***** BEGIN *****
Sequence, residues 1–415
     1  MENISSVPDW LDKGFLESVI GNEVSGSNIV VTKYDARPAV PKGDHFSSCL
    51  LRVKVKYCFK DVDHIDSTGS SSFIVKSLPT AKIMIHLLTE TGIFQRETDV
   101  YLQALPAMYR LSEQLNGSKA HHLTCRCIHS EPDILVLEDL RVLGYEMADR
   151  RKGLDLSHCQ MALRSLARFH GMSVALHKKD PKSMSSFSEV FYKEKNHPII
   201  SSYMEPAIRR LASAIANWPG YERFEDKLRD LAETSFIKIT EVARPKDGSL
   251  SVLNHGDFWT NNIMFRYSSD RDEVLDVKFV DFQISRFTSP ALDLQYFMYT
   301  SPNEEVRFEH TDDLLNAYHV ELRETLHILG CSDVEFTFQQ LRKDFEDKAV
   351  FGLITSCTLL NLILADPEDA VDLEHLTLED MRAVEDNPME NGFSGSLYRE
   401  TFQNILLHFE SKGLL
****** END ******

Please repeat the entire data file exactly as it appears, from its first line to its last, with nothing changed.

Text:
Sequence, residues 1–415
     1  MENISSVPDW LDKGFLESVI GNEVSGSNIV VTKYDARPAV PKGDHFSSCL
    51  LRVKVKYCFK DVDHIDSTGS SSFIVKSLPT AKIMIHLLTE TGIFQRETDV
   101  YLQALPAMYR LSEQLNGSKA HHLTCRCIHS EPDILVLEDL RVLGYEMADR
   151  RKGLDLSHCQ MALRSLARFH GMSVALHKKD PKSMSSFSEV FYKEKNHPII
   201  SSYMEPAIRR LASAIANWPG YERFEDKLRD LAETSFIKIT EVARPKDGSL
   251  SVLNHGDFWT NNIMFRYSSD RDEVLDVKFV DFQISRFTSP ALDLQYFMYT
   301  SPNEEVRFEH TDDLLNAYHV ELRETLHILG CSDVEFTFQQ LRKDFEDKAV
   351  FGLITSCTLL NLILADPEDA VDLEHLTLED MRAVEDNPME NGFSGSLYRE
   401  TFQNILLHFE SKGLL